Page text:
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These all are the syllabus of BSC hons WITH ENGLISH Magadh university. They are as

Paper Titles 

1. Indian Classical Literature 
2. European Classical Literature 
3. Indian Writing in English 
4. British Poetry and Drama: 14th to 17th Centuries 
5. American Literature 
6. Popular Literature 
7. British Poetry and Drama: 17th and 18th Centuries 
8. British Literature: 18th Century 
9. British Romantic Literature 
10. British Literature: 19th Century 
11. Women’s Writing 
 12. British Literature: The Early 20th Century 
13. Modern European Drama 
14. Postcolonial Literatures 

 Discipline Centric Elective (Any four)
Paper Titles 

1. Modern Indian Writing in English Translation 
2. Literature of the Indian Diaspora 
3. British Literature: Post World War II 
 4. Nineteenth Century European Realism 
 5. Literary Theory 
 6. Literary Criticism 
 7. Science fiction and Detective Literature 
 8. Literature and Cinema 
 9. World Literatures 
 10. Partition Literature 
 11. Research Methodology 
 12. Travel writing 
 13. Autobiography

Generic Elective (Any four)
Paper Titles 

1. Academic Writing and Composition 
2. Media and Communication Skills 
3. Text and Performance 
4. Language and Linguistics 
5. Contemporary India: Women and Empowerment 
6. Gender and Human Rights* 
7. Language, Literature and Culture 

*Syllabus not received

 Ability Enhancement Course (Compulsory) 

Paper Titles 

1. Environmental Study* 
2. English/MIL Communication 
* Syllabi not received 

Ability Enhancement Elective Course (Any two) 

Paper Titles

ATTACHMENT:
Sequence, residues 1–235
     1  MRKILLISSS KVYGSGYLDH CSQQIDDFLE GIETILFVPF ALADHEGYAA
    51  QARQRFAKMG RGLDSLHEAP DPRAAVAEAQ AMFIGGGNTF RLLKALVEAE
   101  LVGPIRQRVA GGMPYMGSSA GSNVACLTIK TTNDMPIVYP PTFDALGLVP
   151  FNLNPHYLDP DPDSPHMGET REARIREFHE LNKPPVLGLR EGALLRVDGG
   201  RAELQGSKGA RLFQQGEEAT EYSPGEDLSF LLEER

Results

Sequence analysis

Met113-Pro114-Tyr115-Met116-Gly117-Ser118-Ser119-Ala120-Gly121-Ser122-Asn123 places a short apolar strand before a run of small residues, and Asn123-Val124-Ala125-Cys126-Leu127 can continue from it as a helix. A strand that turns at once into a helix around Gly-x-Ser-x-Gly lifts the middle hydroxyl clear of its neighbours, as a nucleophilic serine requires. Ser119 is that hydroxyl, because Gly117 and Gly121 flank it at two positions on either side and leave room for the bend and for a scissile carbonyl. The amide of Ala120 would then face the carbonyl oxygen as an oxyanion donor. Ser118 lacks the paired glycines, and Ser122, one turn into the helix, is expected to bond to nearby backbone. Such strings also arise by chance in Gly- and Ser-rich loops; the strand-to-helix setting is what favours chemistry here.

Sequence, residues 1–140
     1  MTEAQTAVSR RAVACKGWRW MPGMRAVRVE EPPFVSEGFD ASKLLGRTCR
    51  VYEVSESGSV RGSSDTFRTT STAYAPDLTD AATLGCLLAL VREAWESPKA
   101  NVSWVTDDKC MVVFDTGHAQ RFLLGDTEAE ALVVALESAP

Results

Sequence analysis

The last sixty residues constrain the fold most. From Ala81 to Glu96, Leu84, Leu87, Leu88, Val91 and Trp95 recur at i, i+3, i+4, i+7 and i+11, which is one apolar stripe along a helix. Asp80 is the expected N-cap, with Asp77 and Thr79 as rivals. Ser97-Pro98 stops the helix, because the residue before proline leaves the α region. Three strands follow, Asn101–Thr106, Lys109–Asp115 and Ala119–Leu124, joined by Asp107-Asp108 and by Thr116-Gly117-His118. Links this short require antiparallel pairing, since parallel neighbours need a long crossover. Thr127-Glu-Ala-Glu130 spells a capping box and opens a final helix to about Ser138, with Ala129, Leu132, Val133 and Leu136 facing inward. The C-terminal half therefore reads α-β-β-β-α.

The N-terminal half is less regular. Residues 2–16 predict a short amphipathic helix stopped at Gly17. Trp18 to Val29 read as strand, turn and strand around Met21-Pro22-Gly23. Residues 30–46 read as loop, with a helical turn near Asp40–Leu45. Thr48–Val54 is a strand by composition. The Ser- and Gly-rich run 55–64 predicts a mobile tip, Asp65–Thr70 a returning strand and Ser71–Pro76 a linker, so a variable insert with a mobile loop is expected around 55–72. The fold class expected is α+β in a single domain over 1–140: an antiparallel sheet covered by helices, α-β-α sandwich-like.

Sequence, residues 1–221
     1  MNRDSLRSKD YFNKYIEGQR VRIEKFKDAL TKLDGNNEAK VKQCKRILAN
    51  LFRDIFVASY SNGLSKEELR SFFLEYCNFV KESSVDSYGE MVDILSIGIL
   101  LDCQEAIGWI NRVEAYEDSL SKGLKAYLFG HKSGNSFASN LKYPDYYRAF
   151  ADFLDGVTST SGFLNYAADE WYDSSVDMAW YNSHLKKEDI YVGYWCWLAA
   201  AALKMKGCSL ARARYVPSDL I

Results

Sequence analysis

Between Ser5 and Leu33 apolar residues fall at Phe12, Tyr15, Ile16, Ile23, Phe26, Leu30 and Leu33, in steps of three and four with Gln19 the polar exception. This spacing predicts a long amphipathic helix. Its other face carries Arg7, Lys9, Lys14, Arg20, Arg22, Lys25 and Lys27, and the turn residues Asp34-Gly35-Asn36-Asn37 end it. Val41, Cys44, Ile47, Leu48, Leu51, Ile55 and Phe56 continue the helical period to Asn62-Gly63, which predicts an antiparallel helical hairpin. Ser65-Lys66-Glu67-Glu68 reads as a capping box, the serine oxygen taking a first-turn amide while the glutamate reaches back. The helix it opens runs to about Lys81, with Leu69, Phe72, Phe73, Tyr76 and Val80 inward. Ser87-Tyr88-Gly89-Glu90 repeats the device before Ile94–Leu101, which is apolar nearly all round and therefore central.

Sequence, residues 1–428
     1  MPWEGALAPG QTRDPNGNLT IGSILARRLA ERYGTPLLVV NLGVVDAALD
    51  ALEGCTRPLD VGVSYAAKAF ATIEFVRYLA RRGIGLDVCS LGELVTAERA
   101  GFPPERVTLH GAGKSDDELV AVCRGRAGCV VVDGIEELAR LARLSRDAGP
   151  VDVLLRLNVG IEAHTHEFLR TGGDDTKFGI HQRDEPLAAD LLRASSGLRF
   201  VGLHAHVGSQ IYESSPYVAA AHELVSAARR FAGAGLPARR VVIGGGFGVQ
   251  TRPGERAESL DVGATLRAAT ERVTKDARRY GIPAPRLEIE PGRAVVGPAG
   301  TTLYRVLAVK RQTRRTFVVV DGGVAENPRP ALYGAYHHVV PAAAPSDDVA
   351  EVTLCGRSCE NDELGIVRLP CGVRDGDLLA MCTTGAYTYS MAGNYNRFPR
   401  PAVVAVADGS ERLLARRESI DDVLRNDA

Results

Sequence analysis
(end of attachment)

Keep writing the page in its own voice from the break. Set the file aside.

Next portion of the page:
1. Film Studies * 
2. English Language Teaching 
3. Soft Skills 
4. Translation Studies 
5. Creative Writing 
6. Business Communication 
7. Technical Writing 
 *Syllabus not received


These are the prescribed book for MAGADH UNIVERSITY ENGLISH HONS:-

Paper 1: Indian Classical Literature 

1. Kalidasa Abhijnana Shakuntalam, tr. Chandra Rajan, in Kalidasa: The Loom of Time 
(New Delhi: Penguin, 1989). 
2. Vyasa ‘The Dicing’ and ‘The Sequel to Dicing, ‘The Book of the Assembly Hall’, ‘The 
Temptation of Karna’, Book V ‘The Book of Effort’, in The Mahabharata: tr. and ed. 
J.A.B. van Buitenen (Chicago: Brill, 1975) pp. 106–69. 
3. Sudraka Mrcchakatika, tr. M.M. Ramachandra Kale (New Delhi: Motilal 
Banarasidass, 1962). 
4. Ilango Adigal ‘The Book of Banci’, in Cilappatikaram: The Tale of an Anklet, tr. R. 
Parthasarathy (Delhi: Penguin, 2004) book 3. Suggested Topics and Background Prose Readings for Class Presentations 

Topics The Indian Epic Tradition: Themes and Recensions Classical Indian Drama: Theory and Practice Alankara and Rasa Dharma and the Heroic Readings 

1. Bharata, Natyashastra, tr. Manomohan Ghosh, vol. I, 2nd edn (Calcutta: 
Granthalaya, 1967) chap. 6: ‘Sentiments’, pp. 100–18. 
2. Iravati Karve, ‘Draupadi’, in Yuganta: The End of an Epoch (Hyderabad: Disha, 
1991) pp. 79–105. 
3. J.A.B. Van Buitenen, ‘Dharma and Moksa’, in Roy W. Perrett, ed., Indian 
Philosophy, vol. V, Theory of Value: A Collection of Readings (New York: Garland, 
2000) pp. 33–40.